Organizations are "successful" when they meet their business 
requirements as efficiently (time and $$$) as possible. I talk lots of 
people _out_ of migrating to XML for this reason.  I even occasionally 
say "you're doing just fine with MS Word."

I think the answer to the "custom or off-the-shelf" question differs 
with each customer's business requirements and even tool choice. For 
FrameMaker XML implementations, I'm much more likely to recommend 
designing your own DTD. FrameMaker handles the "hard" part of publishing 
XML (printing it), and provides a reasonable environment for building 
your information model (the structured EDD). It's also relatively 
difficult to get FrameMaker to play with most off-the-shelf DTDs,  
mainly because of the constraints of the FrameMaker import/export model. 
Rolling your own DTD becomes an attractive option with FrameMaker.

If you're migrating to XML, *not* using FrameMaker, and have print/PDF 
as one of your output requirements, take a good hard look at using or 
leveraging a standard information model, like DocBook or DITA. Printing 
XML using XSL-FO is one of the most difficult tasks you will face, and 
leveraging the XSLT transforms for an off-the-shelf DTD is likely to 
save a very substantial amount of development time.

By the way, I never recommend starting out with out-of-the-box DocBook 
-- if you use DocBook, I always favor constraining it. My observation 
comes from a couple of implementations in which the client said "no 
thanks, we're not going to bother constraining DocBook." Those clients 
were creating fairly homogeneous information deliverables, and it turned 
out that the writers were far more successful at marking up these 
deliverables than I had expected, because they did so by example. Just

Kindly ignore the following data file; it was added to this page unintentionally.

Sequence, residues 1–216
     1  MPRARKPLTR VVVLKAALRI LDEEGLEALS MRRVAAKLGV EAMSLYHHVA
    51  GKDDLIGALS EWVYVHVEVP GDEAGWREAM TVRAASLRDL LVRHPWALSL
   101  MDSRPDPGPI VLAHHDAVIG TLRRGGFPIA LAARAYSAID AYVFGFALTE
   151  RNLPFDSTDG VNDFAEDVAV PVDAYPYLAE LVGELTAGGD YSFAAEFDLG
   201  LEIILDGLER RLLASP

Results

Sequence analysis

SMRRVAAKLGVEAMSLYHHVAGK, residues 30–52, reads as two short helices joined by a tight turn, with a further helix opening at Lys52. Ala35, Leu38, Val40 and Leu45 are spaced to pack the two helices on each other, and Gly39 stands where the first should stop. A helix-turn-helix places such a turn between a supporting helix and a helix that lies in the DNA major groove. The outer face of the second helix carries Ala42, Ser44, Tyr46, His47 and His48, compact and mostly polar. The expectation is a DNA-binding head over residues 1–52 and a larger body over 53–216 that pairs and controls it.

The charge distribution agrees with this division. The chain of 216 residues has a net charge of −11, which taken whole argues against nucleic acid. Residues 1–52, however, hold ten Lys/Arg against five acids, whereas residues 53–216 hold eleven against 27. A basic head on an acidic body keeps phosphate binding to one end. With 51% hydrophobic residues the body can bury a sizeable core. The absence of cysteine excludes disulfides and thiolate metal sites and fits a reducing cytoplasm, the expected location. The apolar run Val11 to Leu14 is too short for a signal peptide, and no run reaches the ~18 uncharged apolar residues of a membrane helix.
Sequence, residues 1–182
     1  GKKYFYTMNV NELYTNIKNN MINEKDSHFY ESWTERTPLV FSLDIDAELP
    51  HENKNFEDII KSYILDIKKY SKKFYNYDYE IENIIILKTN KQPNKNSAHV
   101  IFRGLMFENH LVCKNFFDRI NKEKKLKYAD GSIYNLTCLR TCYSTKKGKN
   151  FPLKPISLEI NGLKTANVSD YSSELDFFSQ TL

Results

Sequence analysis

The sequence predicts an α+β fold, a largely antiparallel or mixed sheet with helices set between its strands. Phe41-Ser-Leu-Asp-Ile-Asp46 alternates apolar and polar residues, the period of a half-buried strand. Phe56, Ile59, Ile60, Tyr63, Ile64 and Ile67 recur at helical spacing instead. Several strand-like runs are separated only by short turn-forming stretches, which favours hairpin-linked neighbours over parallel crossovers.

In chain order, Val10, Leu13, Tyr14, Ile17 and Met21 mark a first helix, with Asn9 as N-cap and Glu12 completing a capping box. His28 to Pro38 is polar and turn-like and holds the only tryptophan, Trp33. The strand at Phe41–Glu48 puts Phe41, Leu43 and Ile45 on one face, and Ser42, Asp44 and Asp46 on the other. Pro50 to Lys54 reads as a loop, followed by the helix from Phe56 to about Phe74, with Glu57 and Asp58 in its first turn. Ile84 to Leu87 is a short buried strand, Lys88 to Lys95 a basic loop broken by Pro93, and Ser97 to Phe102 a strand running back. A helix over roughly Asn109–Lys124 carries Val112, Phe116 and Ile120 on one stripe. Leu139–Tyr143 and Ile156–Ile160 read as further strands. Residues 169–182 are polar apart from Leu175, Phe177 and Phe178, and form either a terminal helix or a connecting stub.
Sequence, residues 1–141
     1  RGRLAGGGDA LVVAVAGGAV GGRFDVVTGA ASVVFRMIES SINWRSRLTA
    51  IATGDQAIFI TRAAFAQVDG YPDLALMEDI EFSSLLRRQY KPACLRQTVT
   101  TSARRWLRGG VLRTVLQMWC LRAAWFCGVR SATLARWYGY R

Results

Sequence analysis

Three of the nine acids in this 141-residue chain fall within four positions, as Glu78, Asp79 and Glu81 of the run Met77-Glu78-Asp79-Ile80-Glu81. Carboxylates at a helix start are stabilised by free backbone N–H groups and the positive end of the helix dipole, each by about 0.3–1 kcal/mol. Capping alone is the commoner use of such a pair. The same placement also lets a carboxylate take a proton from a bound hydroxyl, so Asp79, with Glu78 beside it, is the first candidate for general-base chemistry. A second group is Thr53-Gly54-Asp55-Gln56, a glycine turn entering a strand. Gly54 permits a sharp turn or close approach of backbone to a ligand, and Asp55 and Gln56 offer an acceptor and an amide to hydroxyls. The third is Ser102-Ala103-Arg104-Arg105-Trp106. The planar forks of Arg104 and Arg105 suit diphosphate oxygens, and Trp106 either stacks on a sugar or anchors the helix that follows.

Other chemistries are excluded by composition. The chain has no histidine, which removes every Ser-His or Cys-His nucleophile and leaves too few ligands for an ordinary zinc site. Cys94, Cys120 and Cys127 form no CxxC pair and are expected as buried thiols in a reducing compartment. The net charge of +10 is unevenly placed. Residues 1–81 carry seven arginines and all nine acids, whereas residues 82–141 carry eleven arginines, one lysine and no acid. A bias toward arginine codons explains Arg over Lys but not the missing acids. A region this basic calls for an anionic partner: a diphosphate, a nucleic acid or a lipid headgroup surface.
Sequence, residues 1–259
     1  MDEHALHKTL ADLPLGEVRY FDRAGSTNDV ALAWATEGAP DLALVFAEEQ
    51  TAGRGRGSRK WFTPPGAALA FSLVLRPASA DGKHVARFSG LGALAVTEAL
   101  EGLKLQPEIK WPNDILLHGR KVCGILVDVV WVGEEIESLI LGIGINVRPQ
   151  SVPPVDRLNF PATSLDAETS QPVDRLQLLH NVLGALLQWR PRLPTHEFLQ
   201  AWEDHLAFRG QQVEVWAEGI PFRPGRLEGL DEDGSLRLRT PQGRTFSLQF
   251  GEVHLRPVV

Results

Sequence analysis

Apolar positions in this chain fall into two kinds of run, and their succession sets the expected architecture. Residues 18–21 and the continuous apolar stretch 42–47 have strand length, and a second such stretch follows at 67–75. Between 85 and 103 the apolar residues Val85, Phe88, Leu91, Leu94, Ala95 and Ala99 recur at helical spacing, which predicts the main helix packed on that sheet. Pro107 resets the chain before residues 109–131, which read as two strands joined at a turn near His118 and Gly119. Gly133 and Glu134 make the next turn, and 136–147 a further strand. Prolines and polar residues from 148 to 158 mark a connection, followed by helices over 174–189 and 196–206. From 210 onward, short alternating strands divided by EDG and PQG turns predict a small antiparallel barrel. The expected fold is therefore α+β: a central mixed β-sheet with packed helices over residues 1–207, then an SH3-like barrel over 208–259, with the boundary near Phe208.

an observation.

It's also important to remember that a DTD alone isn't sufficient to 
structure your data. A DTD cannot specify all possible constraints (the 
recent "nesting level" discussion is just one example), nor can it 
prevent the use of valid but semantically-incorrect tags. There always 
needs to be a human element for markup review and quality control.


eric.dunn at wrote:
> Alan Houser wrote:
> > Regarding DocBook -- I acknowledge that it's big, and has a "designed by
> > committee" feel. However, I've seen too many companies use it
> > successfully to dismiss it.
> Many companies use MSWord and other less than ideal tools. Also 
> strongly depends on your definition of "successfully".
> > Having a set of extensible XSLT
> > transformations is absolutely invaluable -- not for the easy stuff, like
> > transforming "<title>" to "<h1>", but for the hard stuff, like building
> > a back-of-the-book index. Try writing that XSLT code from scratch.
> True. But, any self respecting implementer should see how they can 
> create their own work environment that can perhaps integrate with and 
> leverage the existing tools.
> > DocBook's size isn't necessarily the problem it may appear to be.
> > Authors tend to learn markup languages by example. Their approach is
> > typically "here's how we mark up a help topic in DocBook" (bottom-up),
> > as opposed to "which of DocBook's 400 elements do I need to mark up a
> > help topic?" (top-down).
> Another Yuck. Many people use MSWord styles in much the same manner. 
> What's the point of adopting a structured environment if your not 
> going to adopt a design that actually structures and controls your data?
> "here's how we mark up a help topic in DocBook" Should be a very easy 
> exercise to take and create a working subset of Docbook. Then there's 
> little authors can do wrong.
> Eric L. Dunn
> Senior Technical Writer
> PS: If this makes it to the list could someone give me a heads up?

Alan Houser, President
Group Wellesley, Inc.

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